Biodegradable poly (lactic-co-glycolic) acid (PLGA) nanoparticles incorporating cisplatin have been developed to evaluate its in vivo efficacy in tumor-bearing mice. In vitro study proved two mechanisms of action for cisplatin depending on the dose and the rate at which this dose is delivered. In vivo study, 5mg/kg of cisplatin nanoparticles administered to mice, exhibited a tumor inhibition similar to free cisplatin, although the area under cisplatin concentration–time curve between 0 and 21days (AUC0–21) had lower value for the formulation than for drug solution ( P<0.05). This result was associated with a higher activation of apoptosis in tumor, mediated by caspase-3, after nanoparticles administration. Toxicity measured as the change in body weight, and blood urea nitrogen (BUN) plasma levels showed that cisplatin nanoparticles treatment did not induce significant changes in both parameters compared to control, while for free drug, a statistical ( P<0.01) increase was observed. In addition, a good correlation was found between time profiles of tumor volume and vascular endothelial growth factor (VEGF) plasma levels, suggesting that its expression could help to follow the efficacy of the treatment. Therefore, the PLGA nanoparticles seem to provide a promising carrier for cisplatin administration avoiding its side effects without a reduction of the efficacy, which was consistent with a higher activation of apoptosis than free drug.

Keywords: Cisplatin; PLGA nanoparticles; Antiproliferative effect; in vitro; Apoptosis; Antitumor efficacy; in vivo

Pharmacokinetics evaluation of soft agglomerates for prompt delivery of enteric pantoprazole-loaded microparticles by Renata P. Raffin; Letícia M. Colomé; Cristiane R.D. Hoffmeister; Paolo Colombo; Alessandra Rossi; Fabio Sonvico; Lucas M. Colomé; Claudio C. Natalini; Adriana R. Pohlmann; Teresa Dalla Costa; Silvia S. Guterres (pp. 275-280).
Soft agglomerates containing pantoprazole-loaded microparticles were developed with the aim of prompt delivery of gastro-resistant particles. The objective was to evaluate the relative bioavailability in dogs after the oral administration of soft agglomerates. Gastro-resistant pantoprazole-loaded microparticles prepared by spray drying were mixed with mannitol/lecithin spray-dried powder and agglomerated by vibration. One single oral dose (40mg) was administered to dogs. Each dog received either a reference tablet or hard gelatin capsules containing the agglomerates. The plasma profiles were evaluated by non-compartmental and compartmental approaches, and the pharmacokinetic parameters were determined. The agglomerates presented 100% of drug particle loading and a production yield of 80.5%. The amount of drug absorbed after oral dosing was similar after reference or agglomerate administration, leading to a relative bioavailability of 108%. The absorption lag-time was significantly reduced after agglomerate administration (from 135.5±50.6 to 15.0±2.5min). The agglomerated gastro-resistant pantoprazole-loaded microparticles reduced time to peak plasma. The agglomerates were equivalent to the reference tablets in terms of extent but not in terms of rate of absorption, showing that this formulation is an alternative to single-unit oral dosing with enteric coating and with the advantage of reducing time to effect.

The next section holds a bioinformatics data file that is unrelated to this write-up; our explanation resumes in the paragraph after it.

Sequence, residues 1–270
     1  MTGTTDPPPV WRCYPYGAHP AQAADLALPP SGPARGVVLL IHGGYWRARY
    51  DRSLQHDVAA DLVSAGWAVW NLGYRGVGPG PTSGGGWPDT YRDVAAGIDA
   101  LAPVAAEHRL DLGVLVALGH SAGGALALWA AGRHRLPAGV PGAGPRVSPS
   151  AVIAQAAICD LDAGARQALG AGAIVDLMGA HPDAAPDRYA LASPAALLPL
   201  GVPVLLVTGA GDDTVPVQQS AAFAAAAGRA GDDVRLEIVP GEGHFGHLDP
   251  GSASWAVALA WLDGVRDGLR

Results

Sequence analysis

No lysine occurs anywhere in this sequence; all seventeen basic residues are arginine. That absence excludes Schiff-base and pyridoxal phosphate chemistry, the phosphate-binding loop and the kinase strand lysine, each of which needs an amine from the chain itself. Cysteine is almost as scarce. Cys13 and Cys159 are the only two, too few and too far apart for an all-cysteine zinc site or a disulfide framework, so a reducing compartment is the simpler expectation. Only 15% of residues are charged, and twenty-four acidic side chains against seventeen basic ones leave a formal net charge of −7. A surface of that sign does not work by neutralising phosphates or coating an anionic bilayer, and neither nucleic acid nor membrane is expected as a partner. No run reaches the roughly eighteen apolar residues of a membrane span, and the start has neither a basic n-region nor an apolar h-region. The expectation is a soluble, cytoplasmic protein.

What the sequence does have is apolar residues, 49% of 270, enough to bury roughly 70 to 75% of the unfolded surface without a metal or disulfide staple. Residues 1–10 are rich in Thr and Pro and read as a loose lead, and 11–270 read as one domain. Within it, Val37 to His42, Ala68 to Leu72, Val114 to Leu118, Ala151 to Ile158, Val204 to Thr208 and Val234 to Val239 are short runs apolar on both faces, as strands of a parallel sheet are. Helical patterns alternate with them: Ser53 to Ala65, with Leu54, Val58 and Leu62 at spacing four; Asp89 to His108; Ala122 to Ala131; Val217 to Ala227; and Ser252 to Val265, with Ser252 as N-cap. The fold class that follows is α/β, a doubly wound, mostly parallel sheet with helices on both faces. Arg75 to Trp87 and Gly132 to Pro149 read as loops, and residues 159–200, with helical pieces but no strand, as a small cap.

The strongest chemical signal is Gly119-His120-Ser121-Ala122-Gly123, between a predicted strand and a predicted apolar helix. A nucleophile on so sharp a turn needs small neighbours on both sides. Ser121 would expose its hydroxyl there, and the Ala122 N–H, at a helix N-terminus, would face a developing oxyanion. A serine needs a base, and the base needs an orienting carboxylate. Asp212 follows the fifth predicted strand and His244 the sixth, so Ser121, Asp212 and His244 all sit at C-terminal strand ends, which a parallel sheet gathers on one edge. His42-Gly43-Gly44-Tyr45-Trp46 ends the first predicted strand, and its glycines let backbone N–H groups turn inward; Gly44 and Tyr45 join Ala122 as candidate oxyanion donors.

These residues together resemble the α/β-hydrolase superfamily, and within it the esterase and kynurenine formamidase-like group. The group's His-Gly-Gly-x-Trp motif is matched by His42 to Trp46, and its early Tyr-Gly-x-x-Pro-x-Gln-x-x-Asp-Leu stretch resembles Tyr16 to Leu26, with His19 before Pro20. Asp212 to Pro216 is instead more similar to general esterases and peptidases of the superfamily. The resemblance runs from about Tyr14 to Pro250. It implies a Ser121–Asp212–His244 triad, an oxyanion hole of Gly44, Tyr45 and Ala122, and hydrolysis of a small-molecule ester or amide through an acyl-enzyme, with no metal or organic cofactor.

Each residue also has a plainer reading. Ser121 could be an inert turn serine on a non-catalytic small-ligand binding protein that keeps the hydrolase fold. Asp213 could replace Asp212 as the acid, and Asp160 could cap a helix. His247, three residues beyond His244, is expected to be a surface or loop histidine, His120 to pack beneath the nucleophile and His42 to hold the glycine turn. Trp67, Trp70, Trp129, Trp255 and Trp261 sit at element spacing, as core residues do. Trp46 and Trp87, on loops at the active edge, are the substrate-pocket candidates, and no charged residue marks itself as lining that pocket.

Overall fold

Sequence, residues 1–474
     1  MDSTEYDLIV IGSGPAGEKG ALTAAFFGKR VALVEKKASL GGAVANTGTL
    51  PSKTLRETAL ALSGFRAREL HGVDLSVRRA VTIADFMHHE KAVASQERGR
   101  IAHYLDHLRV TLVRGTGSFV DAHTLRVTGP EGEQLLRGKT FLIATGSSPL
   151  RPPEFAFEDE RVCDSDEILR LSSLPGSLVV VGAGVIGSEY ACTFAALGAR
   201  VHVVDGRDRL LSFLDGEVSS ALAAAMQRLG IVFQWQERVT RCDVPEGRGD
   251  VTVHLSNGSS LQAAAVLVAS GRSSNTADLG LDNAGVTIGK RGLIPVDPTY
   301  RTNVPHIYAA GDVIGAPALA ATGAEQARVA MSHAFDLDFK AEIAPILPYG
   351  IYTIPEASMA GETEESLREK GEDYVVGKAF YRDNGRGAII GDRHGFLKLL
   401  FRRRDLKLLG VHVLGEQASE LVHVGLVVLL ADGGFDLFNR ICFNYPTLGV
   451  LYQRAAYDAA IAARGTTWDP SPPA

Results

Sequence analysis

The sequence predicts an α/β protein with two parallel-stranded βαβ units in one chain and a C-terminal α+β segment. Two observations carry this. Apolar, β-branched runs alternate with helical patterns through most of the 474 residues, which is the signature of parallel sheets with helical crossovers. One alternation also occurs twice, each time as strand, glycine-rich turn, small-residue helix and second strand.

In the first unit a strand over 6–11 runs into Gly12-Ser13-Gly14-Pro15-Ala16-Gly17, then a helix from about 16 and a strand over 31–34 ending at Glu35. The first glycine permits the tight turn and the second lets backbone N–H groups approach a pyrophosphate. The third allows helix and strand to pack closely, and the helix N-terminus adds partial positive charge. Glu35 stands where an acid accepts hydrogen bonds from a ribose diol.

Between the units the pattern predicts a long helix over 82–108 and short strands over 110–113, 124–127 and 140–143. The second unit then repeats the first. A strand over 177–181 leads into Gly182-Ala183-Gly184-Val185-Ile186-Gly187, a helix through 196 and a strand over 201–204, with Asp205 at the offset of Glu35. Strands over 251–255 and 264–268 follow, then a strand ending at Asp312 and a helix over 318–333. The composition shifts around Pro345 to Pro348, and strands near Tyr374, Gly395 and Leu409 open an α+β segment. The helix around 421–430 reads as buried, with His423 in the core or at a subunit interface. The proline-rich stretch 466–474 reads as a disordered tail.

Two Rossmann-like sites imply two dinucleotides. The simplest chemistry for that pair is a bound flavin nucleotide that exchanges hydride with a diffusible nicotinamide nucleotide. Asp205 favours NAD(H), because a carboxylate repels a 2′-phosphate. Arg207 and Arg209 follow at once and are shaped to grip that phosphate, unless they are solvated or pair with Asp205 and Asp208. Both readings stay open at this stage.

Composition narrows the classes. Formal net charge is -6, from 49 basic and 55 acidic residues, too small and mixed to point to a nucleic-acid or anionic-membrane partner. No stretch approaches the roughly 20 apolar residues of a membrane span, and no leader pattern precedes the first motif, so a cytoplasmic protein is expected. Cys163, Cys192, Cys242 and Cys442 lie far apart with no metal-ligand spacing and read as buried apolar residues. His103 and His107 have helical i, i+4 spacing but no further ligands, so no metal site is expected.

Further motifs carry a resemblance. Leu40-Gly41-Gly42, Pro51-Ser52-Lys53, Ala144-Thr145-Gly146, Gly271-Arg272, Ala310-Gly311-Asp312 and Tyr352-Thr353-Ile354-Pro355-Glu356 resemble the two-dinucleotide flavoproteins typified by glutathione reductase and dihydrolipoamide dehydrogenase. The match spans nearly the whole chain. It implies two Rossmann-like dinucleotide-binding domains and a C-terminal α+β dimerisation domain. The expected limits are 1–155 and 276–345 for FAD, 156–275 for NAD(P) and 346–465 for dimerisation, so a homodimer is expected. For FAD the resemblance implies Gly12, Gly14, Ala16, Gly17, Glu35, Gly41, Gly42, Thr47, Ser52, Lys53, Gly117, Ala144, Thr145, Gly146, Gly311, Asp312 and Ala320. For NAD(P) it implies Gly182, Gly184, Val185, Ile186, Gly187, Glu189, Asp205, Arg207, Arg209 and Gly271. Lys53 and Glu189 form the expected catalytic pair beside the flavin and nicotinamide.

Keywords: Pantoprazole; Microparticles; Agglomerates; Pharmacokinetics; Fast release

Transport of phenylethylamine at intestinal epithelial (Caco-2) cells: Mechanism and substrate specificity by Wiebke Fischer; Reinhard H.H. Neubert; Matthias Brandsch (pp. 281-289).
This study was performed to characterize the intestinal transport of β-phenylethylamine (PEA). Uptake of [14C]PEA into Caco-2 cells was Na+-independent but strongly stimulated by an outside directed H+ gradient. At extracellular pH 7.5, the concentration-dependent uptake of PEA was saturable with kinetic parameters of 2.6mM ( Kt) and 96.2nmol/min per mg of protein ( Vmax). Several biogenic amines such as harmaline and N-methylphenylethylamine as well as cationic drugs such as phenelzine, tranylcypromine,d,l -amphetamine, methadone, chlorphenamine, diphenhydramine and promethazine strongly inhibited the [14C]PEA uptake with Ki values around 1mM. Tetraethylammonium, N-methyl-4-phenylpyridinium and choline had no effect. We also studied the bidirectional transepithelial transport of [14C]PEA at cell monolayers cultured on permeable filters. Net transepithelial flux of [14C]PEA from apical-to-basolateral side exceeded basolateral-to-apical flux 5-fold. We conclude that PEA is transported into Caco-2 cells by a highly active, saturable, H+-dependent (antiport) process. The transport characteristics do not correspond to those of the known carriers for organic cations of the SLC22, SLC44, SLC47 and other families.